The Pech already knew where every large site was located. Every single one. They knew where fruit trees grew, or where the good fishing holes were. They could find the little trails that I could hardly see. Sometimes we followed an old trail by looking for grown over machete cuts on branches. They knew the forest like I know my hometown. — Chris Begley
Do we follow the involvement of a corrupt dictatorship of Juan Orlando Hernandez known for crass promotion of free-trade cities and vast palm oil oligopolies? What about sending their new non-academic head of the Honduran Institute of Anthropology with a knack for marketing, backed by US-funded military force, to create a more fervent tourism impulse that might be a better draw than “Murder Capital of the World”? What will all the new cruise ship passengers at Trujillo, the resorts near Tela and Ceiba, and all the new ones to be built in the jungle do with their free time? How about, visit a “Lost City of the Monkeys in the Jungle”?
Local indigenous people told Conquistador Hernán Cortés, having plenty of reason to keep him moving on, of a civilization in Honduras where the nobles drank from golden cups. The story of Ciudad Blanca is, as Jason Colavito notes, one of exaggeration, wishful thinking, and the imposition of European cultural values onto Native landscapes.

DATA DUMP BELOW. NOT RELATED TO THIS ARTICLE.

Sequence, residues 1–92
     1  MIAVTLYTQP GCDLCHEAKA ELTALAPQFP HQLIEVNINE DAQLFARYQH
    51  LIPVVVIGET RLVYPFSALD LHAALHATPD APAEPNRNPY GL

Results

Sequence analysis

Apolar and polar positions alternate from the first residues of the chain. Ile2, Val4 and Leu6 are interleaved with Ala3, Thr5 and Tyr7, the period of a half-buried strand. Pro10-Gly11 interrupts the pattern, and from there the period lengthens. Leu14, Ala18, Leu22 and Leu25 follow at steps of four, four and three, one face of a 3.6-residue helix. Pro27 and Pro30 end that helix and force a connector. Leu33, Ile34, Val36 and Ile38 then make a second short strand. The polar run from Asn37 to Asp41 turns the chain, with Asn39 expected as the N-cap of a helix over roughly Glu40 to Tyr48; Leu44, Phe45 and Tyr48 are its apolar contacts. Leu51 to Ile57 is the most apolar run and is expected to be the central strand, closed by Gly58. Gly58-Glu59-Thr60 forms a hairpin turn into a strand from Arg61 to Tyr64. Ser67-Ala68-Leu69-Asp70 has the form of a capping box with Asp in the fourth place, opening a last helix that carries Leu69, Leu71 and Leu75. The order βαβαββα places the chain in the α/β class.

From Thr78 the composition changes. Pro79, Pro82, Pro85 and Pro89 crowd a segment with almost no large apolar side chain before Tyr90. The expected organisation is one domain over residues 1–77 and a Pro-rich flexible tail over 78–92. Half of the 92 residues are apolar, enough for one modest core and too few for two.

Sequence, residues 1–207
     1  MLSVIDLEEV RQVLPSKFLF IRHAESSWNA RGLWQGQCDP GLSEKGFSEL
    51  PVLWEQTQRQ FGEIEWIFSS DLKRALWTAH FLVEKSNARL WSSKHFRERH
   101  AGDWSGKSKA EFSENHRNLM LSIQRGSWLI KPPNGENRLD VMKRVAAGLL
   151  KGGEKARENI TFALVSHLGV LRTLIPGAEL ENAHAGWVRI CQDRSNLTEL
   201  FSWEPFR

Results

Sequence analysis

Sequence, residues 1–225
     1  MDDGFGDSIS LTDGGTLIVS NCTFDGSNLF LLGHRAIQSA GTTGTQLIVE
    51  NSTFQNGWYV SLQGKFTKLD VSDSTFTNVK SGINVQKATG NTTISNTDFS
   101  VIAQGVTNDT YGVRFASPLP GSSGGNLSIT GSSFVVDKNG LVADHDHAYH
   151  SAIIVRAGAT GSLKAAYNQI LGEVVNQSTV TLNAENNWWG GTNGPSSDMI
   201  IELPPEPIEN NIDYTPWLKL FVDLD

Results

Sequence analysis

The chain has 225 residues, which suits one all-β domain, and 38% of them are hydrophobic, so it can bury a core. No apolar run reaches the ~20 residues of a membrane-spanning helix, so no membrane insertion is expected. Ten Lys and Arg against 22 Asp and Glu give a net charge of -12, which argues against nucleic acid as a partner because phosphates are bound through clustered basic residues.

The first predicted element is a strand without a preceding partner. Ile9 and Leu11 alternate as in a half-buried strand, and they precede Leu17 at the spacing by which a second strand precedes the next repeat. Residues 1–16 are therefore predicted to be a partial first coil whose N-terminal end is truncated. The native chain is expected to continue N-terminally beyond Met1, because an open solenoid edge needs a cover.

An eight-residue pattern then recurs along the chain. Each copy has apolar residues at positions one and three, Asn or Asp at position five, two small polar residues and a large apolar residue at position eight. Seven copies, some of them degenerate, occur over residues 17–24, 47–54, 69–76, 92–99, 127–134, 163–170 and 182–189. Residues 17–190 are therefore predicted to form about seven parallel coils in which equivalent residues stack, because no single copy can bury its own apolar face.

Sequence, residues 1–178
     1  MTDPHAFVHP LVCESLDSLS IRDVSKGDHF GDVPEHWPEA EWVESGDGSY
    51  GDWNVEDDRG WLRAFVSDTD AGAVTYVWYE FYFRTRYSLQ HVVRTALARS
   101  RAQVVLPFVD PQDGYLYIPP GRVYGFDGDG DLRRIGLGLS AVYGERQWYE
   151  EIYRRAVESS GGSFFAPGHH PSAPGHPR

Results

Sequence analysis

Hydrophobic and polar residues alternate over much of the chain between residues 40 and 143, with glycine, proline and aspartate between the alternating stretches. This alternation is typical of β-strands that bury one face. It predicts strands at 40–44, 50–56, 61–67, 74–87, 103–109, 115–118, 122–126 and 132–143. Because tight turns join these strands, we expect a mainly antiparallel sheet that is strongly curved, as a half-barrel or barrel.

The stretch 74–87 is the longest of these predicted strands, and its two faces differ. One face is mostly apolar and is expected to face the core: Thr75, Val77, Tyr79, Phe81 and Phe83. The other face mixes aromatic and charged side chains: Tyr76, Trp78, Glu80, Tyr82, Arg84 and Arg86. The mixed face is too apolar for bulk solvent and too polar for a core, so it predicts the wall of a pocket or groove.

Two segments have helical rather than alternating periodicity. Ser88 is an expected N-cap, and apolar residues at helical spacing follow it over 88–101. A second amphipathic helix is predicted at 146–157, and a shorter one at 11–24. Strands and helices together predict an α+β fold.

In the nineteen-thirties, a number of expeditions began penetrating the Honduran interior, looking for the White City. George Heye, the son of an oil magnate, who founded the Museum of the American Indian in New York City, sponsored three of them. Nothing was discovered on the first two trips. Heye finally engaged Theodore Morde in 1939. The same author of the NatGeo piece, techno-thriller and horror novelist Douglas Preston, called him in The New Yorker a “swashbuckling American explorer.” It seems Mr. Morde located the White City, or colloquially, the Monkey God City. Unfortunately, the swashbuckler was run over by a bus in London before he could reveal its location to science.
The hype may well have originated as a real ruined city in the Honduran rainforest. Or, the whole thing could be a coincidence based on the fact that an actual civilization once existed where Natives tried to dupe Cortés into going, to get him out of their towns.
So, NatGeo, let’s not conflate myth and gringo aspiration with science. The residents of La Moskitia have kept the “civilized” world at bay for the last 500-some years. Give them some credit and respect, for once.